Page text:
Dish rack - We use the one we had on our boat. It is quite small and folds up into a very compact  item, but can hold lots of dishes and utensils. Very useful. Also, we had a full set of non-breakable dishes including some serving dishes that we brought from the boat.

Paper plate holders - I ran across some heavy-duty, paper-plate holders at TJ Maxx. These really come in handy, because you can reduce your clean up time by using these. An added bonus is that you can use those cheap paper plates because the plate holders provide the stability to hold a plateful of food.  We don't use them for everything, but they are great for sandwiches, etc.

Wine - For years I have drunk my favorite chardonnay, Clos du Bois, that I was able to purchase at a great price in Maryland when we lived in Nottingham, PA. Carrying around bottles of wine and finding this particular brand is just not realistic. So, yes, I have gone the route of boxed wine. After trying several brands (most of which really sucked), I stumbled across the Black Box brand of chardonnay. Honestly it is very good and easy to refrigerate and store. I hope I will be able to find it in other locations!

Plastic bins - We purchased a bunch of plastic bins with handles on the front (for easy removal) and baskets to store stuff in our overhead bins. Everything from spices, games, books, CDs, candles, etc., can be easily organized. The real bonus is that stuff doesn't roll around when we're driving.

Saturday, March 29, 2014

Quote - on living

"Health is the greatest gift, contentment the greatest wealth, faithfulness the best relationship."

Lower Suwannee National Wildlife Refuge - 3/28/14

This refuge is part of the US National Wildlife Refuge System and is located on the western coast of Florida. It was established in 1979, primarily to preserve the river delta system that was being destroyed by commercial timber firms.

The Suwannee River and nearby bottomland hardwood swamps, pine forests, cypress domes, tidal creeks, and vast salt marshes provide habitat for thousands of creatures each year. It provides foraging habitats for shorebirds as well as nesting for wading birds (ibis, egrets, herons, wood stork) and raptors (bald eagles, ospreys) in summer. Other species found in the refuge include deer, wild turkey, bobcat, alligator, racoon, river otter, eastern indigo snake, and gopher tortoise.

Another point of interest in the refuge is the 28' tall, 5-acre, midden (shell mound), provides archealogical evidence of ancient human habitation in the area. Early native cultures recycled their debris (mollusk shells, bones, broken tools) to fortify the mud flats where they lived, fished, and raised their families. This was a common practice along most of the Gulf Coast thousands of years ago.

Shell remnants.

Primary activities in the refuge are hiking, wildlife viewing, boating/kayaking, and fishing.

We packed a picnic lunch and hiked various trails (Shell Mound, River Trail & Bottomlands Boardwalk and Dennis Creek) and checked out the Shell Mount Pier where folks were fishing. We were able to take Sadie with us as well (always a bonus).

Area near pier.

There was a lovely observation gazebo where we saw a bald eagle (very cool), several herons, and various other birds. It is a peaceful and beautiful setting with well-marked trails and boardwalks across swamp areas.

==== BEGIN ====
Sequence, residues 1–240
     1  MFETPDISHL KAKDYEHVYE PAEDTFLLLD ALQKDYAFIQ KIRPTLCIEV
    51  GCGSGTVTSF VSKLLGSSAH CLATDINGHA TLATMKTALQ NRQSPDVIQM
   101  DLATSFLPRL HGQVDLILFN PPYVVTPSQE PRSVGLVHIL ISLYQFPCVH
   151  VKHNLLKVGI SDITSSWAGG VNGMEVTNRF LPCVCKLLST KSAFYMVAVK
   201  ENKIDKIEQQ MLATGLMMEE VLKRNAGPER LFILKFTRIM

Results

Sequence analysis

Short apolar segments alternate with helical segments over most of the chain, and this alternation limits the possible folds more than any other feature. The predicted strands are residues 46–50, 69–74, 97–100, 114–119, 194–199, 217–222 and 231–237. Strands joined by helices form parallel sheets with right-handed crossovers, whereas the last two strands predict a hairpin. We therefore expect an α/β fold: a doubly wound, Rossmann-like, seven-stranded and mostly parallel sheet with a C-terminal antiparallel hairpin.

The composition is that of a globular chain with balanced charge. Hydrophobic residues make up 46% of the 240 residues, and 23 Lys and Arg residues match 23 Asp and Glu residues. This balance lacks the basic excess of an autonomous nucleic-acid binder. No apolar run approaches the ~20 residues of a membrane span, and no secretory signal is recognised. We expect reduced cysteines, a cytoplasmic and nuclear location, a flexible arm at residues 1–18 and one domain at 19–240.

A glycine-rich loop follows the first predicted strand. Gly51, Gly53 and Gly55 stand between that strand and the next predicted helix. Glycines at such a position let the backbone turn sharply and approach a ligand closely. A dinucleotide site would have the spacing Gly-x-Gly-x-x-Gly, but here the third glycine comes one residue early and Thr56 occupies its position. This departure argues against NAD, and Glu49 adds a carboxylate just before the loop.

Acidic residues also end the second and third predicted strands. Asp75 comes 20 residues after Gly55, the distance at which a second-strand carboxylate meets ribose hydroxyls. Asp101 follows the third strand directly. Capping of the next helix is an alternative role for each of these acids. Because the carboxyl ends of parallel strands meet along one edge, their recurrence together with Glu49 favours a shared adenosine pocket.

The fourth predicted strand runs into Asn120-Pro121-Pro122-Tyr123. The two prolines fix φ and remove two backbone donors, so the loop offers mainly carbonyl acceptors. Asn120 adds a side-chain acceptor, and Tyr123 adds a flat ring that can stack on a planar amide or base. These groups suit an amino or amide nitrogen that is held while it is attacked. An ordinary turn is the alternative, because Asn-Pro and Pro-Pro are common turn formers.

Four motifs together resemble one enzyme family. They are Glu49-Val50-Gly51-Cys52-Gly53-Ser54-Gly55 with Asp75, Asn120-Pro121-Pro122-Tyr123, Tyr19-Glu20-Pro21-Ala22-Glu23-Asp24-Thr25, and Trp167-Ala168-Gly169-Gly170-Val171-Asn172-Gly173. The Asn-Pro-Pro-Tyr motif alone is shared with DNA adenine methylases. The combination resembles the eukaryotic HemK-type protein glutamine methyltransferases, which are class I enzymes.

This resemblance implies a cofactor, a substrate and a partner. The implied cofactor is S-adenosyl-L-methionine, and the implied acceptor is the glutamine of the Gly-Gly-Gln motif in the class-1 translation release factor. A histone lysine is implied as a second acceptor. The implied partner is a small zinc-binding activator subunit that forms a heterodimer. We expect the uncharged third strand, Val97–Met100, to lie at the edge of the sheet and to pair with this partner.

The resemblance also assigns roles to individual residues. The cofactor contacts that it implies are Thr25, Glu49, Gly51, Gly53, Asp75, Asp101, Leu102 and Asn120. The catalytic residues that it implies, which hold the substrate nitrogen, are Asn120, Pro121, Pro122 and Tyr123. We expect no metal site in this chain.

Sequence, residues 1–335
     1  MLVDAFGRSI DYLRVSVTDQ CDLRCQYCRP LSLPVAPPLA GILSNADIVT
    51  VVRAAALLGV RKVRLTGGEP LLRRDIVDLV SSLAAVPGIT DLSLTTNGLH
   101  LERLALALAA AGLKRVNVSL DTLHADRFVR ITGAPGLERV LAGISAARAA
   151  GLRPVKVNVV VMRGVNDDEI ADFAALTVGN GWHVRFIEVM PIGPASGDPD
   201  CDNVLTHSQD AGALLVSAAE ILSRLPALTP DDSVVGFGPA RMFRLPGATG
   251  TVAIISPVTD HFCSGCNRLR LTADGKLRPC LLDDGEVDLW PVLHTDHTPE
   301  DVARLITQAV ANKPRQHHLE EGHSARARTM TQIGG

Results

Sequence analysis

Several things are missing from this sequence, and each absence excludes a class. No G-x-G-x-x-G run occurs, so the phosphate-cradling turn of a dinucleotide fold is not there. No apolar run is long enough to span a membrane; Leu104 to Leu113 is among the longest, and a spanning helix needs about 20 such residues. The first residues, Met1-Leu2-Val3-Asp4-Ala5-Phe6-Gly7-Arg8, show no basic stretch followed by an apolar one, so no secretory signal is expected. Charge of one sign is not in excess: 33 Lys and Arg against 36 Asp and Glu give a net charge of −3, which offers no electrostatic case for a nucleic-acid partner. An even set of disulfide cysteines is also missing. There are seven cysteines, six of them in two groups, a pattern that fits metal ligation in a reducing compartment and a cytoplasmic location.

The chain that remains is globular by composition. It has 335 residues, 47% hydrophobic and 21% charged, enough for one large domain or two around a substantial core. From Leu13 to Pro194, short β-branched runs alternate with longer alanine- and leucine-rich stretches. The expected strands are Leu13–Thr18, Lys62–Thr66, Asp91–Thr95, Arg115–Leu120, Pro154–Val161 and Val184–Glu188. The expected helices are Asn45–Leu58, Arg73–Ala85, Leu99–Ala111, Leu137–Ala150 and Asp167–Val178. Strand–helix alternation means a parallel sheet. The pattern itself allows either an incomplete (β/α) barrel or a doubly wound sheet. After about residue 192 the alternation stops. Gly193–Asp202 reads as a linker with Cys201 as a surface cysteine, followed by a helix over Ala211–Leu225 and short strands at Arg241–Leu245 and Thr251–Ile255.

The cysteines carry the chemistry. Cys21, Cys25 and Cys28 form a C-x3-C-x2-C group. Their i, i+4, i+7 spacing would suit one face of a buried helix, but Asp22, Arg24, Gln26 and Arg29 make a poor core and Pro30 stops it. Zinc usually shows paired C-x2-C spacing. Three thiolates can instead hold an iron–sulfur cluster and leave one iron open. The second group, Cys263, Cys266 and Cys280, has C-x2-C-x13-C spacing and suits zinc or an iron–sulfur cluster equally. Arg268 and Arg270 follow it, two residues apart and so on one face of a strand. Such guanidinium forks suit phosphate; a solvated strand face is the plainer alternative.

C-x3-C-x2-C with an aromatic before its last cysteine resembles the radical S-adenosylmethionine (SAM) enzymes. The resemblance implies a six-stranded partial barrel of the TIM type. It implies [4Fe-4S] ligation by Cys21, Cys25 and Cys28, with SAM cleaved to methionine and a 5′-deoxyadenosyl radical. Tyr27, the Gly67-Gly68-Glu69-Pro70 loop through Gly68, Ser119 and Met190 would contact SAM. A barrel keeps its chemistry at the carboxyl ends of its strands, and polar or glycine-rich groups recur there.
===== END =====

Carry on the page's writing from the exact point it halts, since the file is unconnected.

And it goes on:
This place is definitely worth a visit if you are in the area.

Friday, March 28, 2014

Sunrise Sunset - March 2014

Two of the daily wonders of nature I am enjoying more than I ever have in the past are sunrises and sunsets.

They make me think of the beautiful song from Fiddler on the Roof (a portion below):

Sunrise, sunset
Sunrise, sunset
Swiftly flow the days
Seedlings turn overnight to sunflowers
Blossoming even as we gaze.

Sunrise, sunset
Sunrise, sunset
Swiftly fly the years
One season following another
Laden with happiness ... and tears.

It reminds me of how very, very thankful I am for the happiness I now have with John (and Sadie, too, of course) and our kids (well they are adults now...)

Sunrise over the Atlantic Ocean at St. Augustine Beach (3 photos in sequence of a sunrise).

Sunset over the marsh lands and Intracoastal Waterway in St. Augustine Beach.

Itinerary - March, 2014 - January, 2015

We spent the last week or so planning our travel plans.  I'll just say this:  It is so much more work to figure this out than I expected! Selecting RV resorts via the internet is a daunting task. Because so many RV resorts near major attractions get booked over the summer, we wanted to assure we could go to the places we were interested in seeing this year!

So here is the schedule as currently defined. We have confirmed reservations at each.

02/26 - 03/26
St. Augustine, FL; Ocean Grove RV Resort
Attractions:  Historical Landmarks and Atlantic beaches

Cedar Key, FL; Cedar Key RV Resort
Attractions:  Gulf Coast of FL, Wildlife Refuges, Shell Mound, Museums
(127 miles from St. Augustine)

San Antonio, TX; Admiralty RV Resort
Attractions: Alamo, River Walk, Missions, Museums, Pool/Hot Tub!
(1,060 miles from Cedar Key)

Amarillo, TX; Oasis RV Resort
Attractions: Historical sites, Museums, Palo Duro Canyon
(515 miles from San Antonio)

Capulin, NM; Capulin Camp & RV Park
Attractions: Capulin Volcano National Park, Sugarite Canyon Park
(176 miles from Amarillo)

Colorado Springs, CO; Mountaindale Cabin & RV Resort
Attractions: Pikes Peak, Florissant Fossil Park, Cripple Creek
(178 miles from Capulin)
Estes Park, CO; Spruce Lake RV Park
Attractions:  Rocky Mountain National Park
(129 miles from Colorado Springs)
Custer, SD ; Custer's Gulch RV Park & Campgrounds
Attractions: Mount Rushmore, Jewel Cave, Wind Cave, Badlands
(355 miles from Estes Park)
Attractions:  Little Big Horn, Crow Indian Reservation, Museums
(228 miles from Custer)
West Yellowstone, MT; Buffalo Crossing RV Park
Attraction:  Yellowstone National Park
(293 miles from Garryowen)

08/28 - 09/01
Heber City, UT; Mountain Valley RV Park
Attactions:  State parks; Park City; Olympic Village
(366 miles from West Yellowstone)

09/03 - 09/17
Grand Canyon, AZ; Grand Canyon - Trailer Village
Attraction:  Grand Canyon
(483 miles from Heber City)

09/19 - 11/19
Pahrump, NV; Nevada Treasure RV Resort